In poker, don’t overestimate your opponents

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If you are a true student of the game and are always working hard to become a better player, you will soon find yourself sitting as one of the best players at most tables.

While this is something we all should strive for, I have to warn you about something that I have been faced with a lot over the last few months at the World Series of Poker and in a deep-stack tournament at Borgata.

Once you develop the skills to effectively put your opponents on specific hands, this allows you to make more advanced plays on them throughout a hand.

If you know what they are holding — or what they are not holding — this will allow you to make bets or raises to take pots away from them when you actually have an inferior hand. It also allows you to make calls on the river with modest holdings, because you just know that they cannot have a hand that is better than yours.

Sounds great, right? Doesn’t sound like a warning at all. The warning is that you have to be very careful projecting your skill onto your opponents. While you want to treat them as competent, you have to remember they may not be as competent as you and they may not be thinking poker on such a high level.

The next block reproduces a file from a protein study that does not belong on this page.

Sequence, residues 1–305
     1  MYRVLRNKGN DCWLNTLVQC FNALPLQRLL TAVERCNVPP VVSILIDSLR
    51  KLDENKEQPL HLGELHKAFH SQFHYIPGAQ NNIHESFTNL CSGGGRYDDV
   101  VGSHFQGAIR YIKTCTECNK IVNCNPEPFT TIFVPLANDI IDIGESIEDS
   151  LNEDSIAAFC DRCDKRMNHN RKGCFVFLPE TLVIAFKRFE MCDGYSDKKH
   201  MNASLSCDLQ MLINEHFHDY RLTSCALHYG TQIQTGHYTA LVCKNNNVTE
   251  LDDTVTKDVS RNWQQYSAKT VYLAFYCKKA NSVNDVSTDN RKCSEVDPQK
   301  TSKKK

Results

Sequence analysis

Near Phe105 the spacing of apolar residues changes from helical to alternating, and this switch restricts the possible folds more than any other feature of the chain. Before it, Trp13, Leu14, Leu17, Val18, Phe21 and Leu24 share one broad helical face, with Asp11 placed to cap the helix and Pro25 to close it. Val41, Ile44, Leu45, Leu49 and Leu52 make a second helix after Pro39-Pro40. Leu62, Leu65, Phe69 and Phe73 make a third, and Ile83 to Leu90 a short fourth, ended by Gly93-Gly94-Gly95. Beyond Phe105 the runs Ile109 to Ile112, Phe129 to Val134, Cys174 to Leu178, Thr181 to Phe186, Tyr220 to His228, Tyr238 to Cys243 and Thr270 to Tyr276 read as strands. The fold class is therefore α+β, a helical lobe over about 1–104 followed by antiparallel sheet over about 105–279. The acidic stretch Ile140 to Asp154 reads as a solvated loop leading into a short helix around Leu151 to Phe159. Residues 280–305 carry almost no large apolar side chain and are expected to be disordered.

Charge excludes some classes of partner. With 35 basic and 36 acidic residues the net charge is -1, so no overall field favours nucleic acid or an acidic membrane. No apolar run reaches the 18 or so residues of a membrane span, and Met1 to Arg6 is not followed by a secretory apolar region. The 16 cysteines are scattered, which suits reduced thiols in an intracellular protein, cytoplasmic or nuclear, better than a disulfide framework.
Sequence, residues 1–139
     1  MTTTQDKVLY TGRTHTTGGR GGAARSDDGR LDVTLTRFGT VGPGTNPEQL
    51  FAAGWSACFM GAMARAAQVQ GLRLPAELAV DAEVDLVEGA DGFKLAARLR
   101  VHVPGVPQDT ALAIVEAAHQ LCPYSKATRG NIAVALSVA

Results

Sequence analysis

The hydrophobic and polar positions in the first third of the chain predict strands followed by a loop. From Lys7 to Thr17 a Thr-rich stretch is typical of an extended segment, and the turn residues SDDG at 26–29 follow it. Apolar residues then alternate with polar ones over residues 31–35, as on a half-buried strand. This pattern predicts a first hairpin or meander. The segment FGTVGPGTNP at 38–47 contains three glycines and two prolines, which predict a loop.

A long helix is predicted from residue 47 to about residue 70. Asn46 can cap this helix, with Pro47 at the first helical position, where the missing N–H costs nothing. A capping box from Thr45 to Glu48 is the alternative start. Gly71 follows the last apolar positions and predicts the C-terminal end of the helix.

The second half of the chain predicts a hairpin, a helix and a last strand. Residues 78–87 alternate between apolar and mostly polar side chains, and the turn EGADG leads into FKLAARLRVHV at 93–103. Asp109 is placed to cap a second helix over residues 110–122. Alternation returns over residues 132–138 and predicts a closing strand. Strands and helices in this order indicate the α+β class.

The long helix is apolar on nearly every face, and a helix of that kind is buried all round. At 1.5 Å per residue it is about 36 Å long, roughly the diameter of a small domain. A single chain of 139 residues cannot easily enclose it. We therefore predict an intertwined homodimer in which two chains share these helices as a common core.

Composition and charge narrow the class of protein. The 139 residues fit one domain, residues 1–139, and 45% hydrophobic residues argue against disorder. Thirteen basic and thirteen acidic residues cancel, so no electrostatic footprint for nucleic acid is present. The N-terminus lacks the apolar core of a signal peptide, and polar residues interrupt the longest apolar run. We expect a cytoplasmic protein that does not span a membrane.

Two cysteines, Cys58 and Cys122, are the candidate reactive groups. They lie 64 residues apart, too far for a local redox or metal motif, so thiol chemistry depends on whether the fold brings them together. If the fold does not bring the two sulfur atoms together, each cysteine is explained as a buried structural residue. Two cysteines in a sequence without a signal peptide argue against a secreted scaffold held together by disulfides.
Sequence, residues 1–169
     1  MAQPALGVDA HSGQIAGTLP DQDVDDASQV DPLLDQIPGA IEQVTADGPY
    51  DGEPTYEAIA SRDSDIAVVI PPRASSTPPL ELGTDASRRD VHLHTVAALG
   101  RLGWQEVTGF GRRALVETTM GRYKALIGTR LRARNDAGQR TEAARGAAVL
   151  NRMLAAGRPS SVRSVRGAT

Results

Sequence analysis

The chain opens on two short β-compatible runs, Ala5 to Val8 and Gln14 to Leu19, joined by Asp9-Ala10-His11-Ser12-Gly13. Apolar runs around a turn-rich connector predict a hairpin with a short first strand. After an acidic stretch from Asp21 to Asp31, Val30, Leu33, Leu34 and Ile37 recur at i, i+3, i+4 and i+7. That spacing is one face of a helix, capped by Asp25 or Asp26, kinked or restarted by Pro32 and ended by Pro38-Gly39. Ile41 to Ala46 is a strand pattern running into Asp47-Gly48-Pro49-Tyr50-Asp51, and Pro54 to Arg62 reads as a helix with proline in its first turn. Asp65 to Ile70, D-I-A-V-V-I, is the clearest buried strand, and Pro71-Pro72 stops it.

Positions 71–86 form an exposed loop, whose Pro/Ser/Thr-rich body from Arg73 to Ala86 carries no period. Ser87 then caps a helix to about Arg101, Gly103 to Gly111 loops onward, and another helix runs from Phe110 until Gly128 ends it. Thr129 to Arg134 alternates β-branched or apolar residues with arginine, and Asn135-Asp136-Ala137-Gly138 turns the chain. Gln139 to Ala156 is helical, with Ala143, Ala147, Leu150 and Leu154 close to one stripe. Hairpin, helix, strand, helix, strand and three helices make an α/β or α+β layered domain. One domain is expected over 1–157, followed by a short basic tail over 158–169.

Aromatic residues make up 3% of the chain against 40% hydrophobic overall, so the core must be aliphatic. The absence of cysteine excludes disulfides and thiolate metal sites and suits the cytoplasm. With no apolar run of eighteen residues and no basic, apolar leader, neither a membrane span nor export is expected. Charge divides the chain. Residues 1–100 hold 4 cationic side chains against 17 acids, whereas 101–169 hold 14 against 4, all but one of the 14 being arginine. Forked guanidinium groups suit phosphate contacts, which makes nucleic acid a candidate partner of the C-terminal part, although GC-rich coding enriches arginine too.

This means you may make an advanced play on a player who you feel is competent, but they may not understand what you’re trying to do because they are not quite at your level.
Similarly, this imbalance in the level of competence can result in you laying down the best hand because they simply don’t understand how weak their hand is by the river, yet they continue to bet it for value.

So, while every good poker player must lay down the best hand from time to time to be successful, there are times you have to make some thin calls against a player who actually thinks they are making a value bet with the best hand. This is different from making calls against players who you think are bluffing, but that’s going to be a topic for an upcoming column.

The next time you find yourself thinking, “How could he make that call?” take a step back, replay the hand in your head, and really try to figure out what went wrong. You just may find you played the hand phenomenally and Phil Ivey likely would have instantly folded to your well-crafted play, but you may have made a mistake in assessing your opponent’s competency.

As you become more competent and begin to think about poker on a higher level, you must then take on the responsibility of getting into the mind of your opponents and assessing their true competence level.

Balance playing at your level while also adapting your mind-set to think about hands on your opponents’ level to consistently make the right decisions.

Decide to Win!

— Lee Childs is founder and lead instructor of Acumen Poker. He also is an instructor with the WPT Boot Camp. Check out his site at www.acumenpoker.net.